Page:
The Hibernia Management and Development Company Ltd. (HMDC) is contributing $420,000 to enhance the field experience of students and staff at Memorial University in Newfoundland and Labrador. The funds will support the Department of Earth Science’s core field schools, the development of a new environmental geology and geophysics field school and field safety leadership training opportunities.
“Memorial University earth science graduates are highly sought after by industry and academic institutions around the world because of the high calibre of the geoscience program,” said Dr. Gary Kachanoski, Memorial University’s president and vice-chancellor. “This generous gift will enable the Department of Earth Sciences to increase student participation by offering additional field school opportunities and eliminating financial barriers. On behalf of the students, I thank HMDC for their ongoing support of Memorial and the students we serve.”
“Geoscientists are integral to the success of the oil and gas industry,” said Jamie Long, president, HMDC. “Our employees look forward to sharing their experience with Memorial students by participating in the field school field trips, which are an important component for students.”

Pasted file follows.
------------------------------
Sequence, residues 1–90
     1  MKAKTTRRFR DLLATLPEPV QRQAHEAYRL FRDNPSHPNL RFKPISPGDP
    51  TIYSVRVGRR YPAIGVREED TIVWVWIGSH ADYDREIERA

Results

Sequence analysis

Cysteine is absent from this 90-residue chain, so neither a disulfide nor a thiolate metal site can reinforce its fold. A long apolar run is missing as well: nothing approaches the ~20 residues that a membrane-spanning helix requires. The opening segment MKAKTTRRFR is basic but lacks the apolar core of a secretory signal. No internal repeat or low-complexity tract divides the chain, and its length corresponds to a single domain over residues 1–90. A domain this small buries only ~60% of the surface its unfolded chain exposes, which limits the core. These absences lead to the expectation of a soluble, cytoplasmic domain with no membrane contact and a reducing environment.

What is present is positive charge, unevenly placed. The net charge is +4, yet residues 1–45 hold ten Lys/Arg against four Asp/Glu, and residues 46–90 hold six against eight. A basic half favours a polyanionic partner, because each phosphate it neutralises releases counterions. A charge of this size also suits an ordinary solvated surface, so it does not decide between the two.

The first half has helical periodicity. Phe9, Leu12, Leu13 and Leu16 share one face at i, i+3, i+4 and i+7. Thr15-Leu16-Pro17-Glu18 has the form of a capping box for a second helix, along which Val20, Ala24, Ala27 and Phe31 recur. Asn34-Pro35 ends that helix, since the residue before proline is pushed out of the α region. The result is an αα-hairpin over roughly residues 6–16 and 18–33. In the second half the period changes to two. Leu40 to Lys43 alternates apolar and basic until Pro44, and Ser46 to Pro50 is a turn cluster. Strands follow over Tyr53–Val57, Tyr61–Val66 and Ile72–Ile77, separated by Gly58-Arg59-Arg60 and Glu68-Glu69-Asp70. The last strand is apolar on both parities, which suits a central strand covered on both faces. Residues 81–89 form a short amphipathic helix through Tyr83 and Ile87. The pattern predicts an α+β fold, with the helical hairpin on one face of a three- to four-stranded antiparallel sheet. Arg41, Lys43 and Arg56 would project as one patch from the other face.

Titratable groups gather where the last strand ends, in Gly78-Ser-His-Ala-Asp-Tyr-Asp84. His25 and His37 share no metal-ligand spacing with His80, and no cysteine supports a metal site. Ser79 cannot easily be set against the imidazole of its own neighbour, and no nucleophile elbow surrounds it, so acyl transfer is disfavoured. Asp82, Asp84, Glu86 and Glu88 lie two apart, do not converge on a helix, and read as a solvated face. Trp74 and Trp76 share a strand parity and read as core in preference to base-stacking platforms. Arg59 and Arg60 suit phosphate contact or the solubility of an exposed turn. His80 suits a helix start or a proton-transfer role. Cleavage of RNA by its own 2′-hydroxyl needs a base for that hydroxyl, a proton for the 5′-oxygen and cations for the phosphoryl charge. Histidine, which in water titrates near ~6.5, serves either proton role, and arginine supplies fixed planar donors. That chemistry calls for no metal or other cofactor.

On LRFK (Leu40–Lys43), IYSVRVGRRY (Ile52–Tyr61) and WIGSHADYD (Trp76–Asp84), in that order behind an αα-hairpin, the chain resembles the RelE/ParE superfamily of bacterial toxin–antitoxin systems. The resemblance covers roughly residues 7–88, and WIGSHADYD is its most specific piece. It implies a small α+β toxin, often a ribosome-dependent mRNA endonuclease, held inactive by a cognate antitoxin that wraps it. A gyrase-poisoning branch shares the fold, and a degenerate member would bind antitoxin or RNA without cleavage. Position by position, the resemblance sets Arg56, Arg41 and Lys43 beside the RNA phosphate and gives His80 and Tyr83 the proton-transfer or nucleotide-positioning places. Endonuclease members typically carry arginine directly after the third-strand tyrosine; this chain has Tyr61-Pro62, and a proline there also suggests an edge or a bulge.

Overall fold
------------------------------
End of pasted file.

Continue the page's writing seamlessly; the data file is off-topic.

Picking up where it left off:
The Department of Earth Sciences’ undergraduate programs strive to take full advantage of the spectacular geological setting of Newfoundland, utilizing field locales across the island that sample a diverse suite of geological provinces. They also provide the third- and fourth-year undergraduate students with the opportunity to participate in international field courses that serve to increase the depth and breadth of student experiences.
“Our field schools are the cornerstone of our undergraduate programs in geology and geophysics,” said Dr. John Hanchar, head, Department of Earth Sciences. “As a fundamental part of the experience-based learning environment we cultivate, field schools serve to inform and contextualize the classroom experience.”
The first two-week field trip using the HMDC funding has just concluded. Twenty-two undergraduate students, two faculty members, a graduate student and a staff member visited areas of geological interest in southern California and Nevada to view geological features analogous to what was present in Newfoundland and Labrador more than 500 million years ago. Plans for next year’s field trip to Chile and Bolivia are already underway.
“This is a wonderful opportunity for Memorial’s earth sciences undergraduate students,” said Bronwyn Moore, one of the students who participated in the trip. “The field school gave us the chance to experience the vast geology of California and Nevada under the guidance of Memorial professors. Future trips like these will undoubtedly be the highlight of many students’ academic careers.”